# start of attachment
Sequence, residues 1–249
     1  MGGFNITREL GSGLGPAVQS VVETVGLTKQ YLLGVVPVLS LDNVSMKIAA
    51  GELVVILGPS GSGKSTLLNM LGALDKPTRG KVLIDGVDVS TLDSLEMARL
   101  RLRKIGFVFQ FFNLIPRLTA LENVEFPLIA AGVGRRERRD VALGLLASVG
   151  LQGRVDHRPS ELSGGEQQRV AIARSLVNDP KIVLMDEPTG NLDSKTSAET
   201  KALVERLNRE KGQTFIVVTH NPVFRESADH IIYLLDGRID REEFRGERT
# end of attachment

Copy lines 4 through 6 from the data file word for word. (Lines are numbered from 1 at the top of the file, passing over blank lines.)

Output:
   101  RLRKIGFVFQ FFNLIPRLTA LENVEFPLIA AGVGRRERRD VALGLLASVG
   151  LQGRVDHRPS ELSGGEQQRV AIARSLVNDP KIVLMDEPTG NLDSKTSAET
   201  KALVERLNRE KGQTFIVVTH NPVFRESADH IIYLLDGRID REEFRGERT